Penrose put forth OR as a mechanism for consciousness in physical science (the first, and still only specific proposal). For neurobiological implementation of OR, the Penrose–Hameroff model of “Orch OR” proposed quantum computations terminated by OR in microtubules within brain neurons, “orchestrated” by synaptic inputs, memory and other factors, hence “Orch OR” (Penrose and Hameroff, 1995
; Hameroff and Penrose, 1996a
; Hameroff, 1998
). Starting with classical microtubule automata (e.g., Rasmussen et al., 1990
) in which tubulins in microtubule lattices convey interactive bit states, e.g., of 1 or 0, and are thus capable of classical information processing (Figure ), Orch OR also proposed that quantum superpositioned tubulin bits, or “qubits,” e.g., of both 1 AND 0 compute via entanglement with tubulins in the same neuron, and also those in neighboring and distant neurons via gap junctions (Figure ). The quantum computations evolve by the Schrödinger equation in entangled microtubules in dendrites and cell bodies during integration phases of gap junction-connected integrate-and-fire neurons. Entangled superpositions contribute to increasing gravitational self-energy E. When threshold is met by E
, a conscious moment occurs as entangled tubulin qubits simultaneously undergo OR to classical tubulin states which then proceed to trigger (or not trigger) axonal firings, and adjust synapses. Microtubule quantum computations can thus be the “x-factor” in integration regulating axonal firing threshold. Compatible with known neurophysiology, Orch OR can account for conscious causal control of behavior.
Figure 12 Three toy neurons in an input/integration layer. Adjacent dendrites are connected by gap junction electrical synapses in “dendritic web,” showing internal cytoskeletal microtubules connected by microtubule-associated proteins. Insert: (more ...)
Entangled superpositions leading to OR and moments of consciousness by E = ħ/t are seen as sequential, only one “consciousness” occurring in the brain at any one time (except perhaps for “split-brain” patients, or those with other cognitive disorders). Superpositions outside the largest, most rapidly evolving gap junction-connected web may decohere randomly, or continue and participate in a subsequent moment of consciousness. The results of each Orch OR conscious moment set initial conditions for the next.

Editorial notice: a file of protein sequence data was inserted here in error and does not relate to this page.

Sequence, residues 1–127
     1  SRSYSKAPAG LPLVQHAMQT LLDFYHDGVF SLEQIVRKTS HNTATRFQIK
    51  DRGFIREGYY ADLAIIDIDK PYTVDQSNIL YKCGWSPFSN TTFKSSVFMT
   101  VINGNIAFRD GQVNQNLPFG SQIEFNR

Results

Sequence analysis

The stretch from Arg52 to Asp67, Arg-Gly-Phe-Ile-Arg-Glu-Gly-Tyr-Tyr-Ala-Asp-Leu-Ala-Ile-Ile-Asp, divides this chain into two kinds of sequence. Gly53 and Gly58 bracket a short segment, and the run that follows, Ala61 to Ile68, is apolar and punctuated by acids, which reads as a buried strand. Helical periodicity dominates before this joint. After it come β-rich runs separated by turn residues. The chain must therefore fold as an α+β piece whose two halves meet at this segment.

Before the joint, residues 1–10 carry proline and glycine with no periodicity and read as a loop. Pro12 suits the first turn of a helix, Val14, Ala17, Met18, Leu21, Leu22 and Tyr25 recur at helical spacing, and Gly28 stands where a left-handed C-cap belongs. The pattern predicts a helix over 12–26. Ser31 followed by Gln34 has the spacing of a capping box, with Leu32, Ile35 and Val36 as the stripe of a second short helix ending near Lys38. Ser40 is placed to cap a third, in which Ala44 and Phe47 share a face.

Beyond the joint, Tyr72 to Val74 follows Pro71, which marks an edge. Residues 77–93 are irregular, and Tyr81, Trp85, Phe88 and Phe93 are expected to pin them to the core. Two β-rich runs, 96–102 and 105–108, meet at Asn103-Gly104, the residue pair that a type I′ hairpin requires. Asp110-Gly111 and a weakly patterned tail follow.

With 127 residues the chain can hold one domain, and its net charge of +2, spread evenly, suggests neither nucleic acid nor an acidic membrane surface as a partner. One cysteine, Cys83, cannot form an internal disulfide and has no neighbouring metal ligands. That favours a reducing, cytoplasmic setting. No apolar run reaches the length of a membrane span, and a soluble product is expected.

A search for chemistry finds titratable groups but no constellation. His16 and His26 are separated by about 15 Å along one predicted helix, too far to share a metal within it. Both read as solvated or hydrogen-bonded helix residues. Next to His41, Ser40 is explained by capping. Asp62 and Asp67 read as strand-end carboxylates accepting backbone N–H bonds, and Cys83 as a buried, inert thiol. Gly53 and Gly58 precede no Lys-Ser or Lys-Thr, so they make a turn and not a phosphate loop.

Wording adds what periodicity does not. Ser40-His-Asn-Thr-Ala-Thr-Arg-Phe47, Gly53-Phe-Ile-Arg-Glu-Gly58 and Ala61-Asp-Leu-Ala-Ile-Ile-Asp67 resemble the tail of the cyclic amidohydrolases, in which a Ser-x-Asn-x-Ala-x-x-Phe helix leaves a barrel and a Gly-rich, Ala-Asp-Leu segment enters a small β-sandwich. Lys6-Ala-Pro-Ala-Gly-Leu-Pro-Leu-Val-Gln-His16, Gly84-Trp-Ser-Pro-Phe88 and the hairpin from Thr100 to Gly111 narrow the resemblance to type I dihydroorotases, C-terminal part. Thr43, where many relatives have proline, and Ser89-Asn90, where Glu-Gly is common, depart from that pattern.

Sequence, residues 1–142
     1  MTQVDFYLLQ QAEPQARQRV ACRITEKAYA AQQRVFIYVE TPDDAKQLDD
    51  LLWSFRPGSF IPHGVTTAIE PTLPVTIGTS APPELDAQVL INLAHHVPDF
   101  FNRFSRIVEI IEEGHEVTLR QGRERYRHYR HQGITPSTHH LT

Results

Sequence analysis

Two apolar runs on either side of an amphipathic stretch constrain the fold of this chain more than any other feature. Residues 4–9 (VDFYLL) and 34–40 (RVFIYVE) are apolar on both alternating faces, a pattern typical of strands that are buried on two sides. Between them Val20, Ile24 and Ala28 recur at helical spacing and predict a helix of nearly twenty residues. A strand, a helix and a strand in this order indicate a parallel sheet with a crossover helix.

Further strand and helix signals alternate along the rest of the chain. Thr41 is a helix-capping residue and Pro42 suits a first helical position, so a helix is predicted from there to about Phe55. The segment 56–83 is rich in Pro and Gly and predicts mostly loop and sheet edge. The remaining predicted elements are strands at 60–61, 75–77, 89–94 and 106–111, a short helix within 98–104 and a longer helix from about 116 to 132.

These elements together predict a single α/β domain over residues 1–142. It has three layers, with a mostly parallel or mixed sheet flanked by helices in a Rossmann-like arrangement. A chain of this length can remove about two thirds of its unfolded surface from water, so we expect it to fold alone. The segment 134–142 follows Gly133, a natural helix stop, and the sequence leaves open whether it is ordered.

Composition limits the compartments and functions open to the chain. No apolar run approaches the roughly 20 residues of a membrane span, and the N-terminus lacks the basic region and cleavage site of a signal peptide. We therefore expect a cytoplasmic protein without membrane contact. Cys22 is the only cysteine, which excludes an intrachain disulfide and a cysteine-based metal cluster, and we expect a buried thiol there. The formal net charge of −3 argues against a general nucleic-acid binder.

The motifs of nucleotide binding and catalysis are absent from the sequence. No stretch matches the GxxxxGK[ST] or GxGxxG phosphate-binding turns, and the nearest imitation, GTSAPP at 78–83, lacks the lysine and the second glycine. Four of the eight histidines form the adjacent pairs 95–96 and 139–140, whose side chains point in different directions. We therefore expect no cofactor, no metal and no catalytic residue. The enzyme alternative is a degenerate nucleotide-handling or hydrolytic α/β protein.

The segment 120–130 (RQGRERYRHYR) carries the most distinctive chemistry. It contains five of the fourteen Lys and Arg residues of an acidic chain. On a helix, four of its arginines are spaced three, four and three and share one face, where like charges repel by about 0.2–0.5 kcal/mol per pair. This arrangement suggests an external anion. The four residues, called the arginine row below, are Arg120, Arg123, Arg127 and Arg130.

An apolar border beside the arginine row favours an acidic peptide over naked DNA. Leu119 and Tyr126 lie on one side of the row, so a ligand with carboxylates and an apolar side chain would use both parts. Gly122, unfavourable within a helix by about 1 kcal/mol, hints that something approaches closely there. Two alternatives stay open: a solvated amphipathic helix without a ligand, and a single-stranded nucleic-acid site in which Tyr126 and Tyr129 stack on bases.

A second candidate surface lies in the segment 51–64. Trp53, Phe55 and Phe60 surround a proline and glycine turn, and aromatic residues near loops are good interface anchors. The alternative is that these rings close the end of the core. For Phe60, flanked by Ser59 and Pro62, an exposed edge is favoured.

, superposition of about 2 × 1010
tubulins would reach threshold at t
= 25 ms, as in 40 Hz gamma synchrony, 40 conscious moments/s. Depending on the percentage of tubulins involved per neuron, this would entail thousands to hundreds of thousands of gap junction-connected neurons per conscious moment at 40 Hz as the NCC (Figure ). With specific neuronal distributions and brain regions defined by gap junction openings and closings, synchronized “dendritic webs” as the NCC can move and redistribute moment to moment. Within the NCC, consciousness by E
may occur on a spectrum of frequencies, at different fractal-like scales of brain activity (He et al., 2010
), with deeper order, finer scale entangled processes in microtubules correlating with high frequency, high intensity experience, and larger proportions of brain involvement.
Proteins can act as quantum levers, able to amplify quantum effects into particular classical states (Conrad, 1994
). Orch OR suggests that tubulin states and superpositions are initiated by electron cloud dipoles (van der Waals London forces) in clusters of aromatic resonance rings (e.g., in amino acids tryptophan, phenylalanine, tyrosine, Figures –). London force dipoles are inherently quantum mechanical, tending to superposition. They also mediate effects of general anesthetic gases which act in aromatic clusters (“hydrophobic pockets”) in neuronal proteins including tubulin to selectively erase consciousness (Hameroff, 2006
). This suggests a deeper order, finer scale component of the NCC.
Figure 13 (A) A microtubule, a cylindrical lattice of peanut-shaped tubulin proteins, with molecular model of enlarged single tubulin with C-termini tails (Craddock et al., 2012c). (B) Tubulin dimer, lower C terminus tail visible. Interior blowup shows aromatic (more ...)
Electron movements of one nanometer, e.g., in a London force dipole oscillation, displace atomic nuclei by one Fermi length, 10−15
m, the diameter of a carbon atom nucleus (Sataric et al., 1998
), and also the superposition separation distance required for gravitational self-energy E in Orch OR (Hameroff and Penrose, 1996a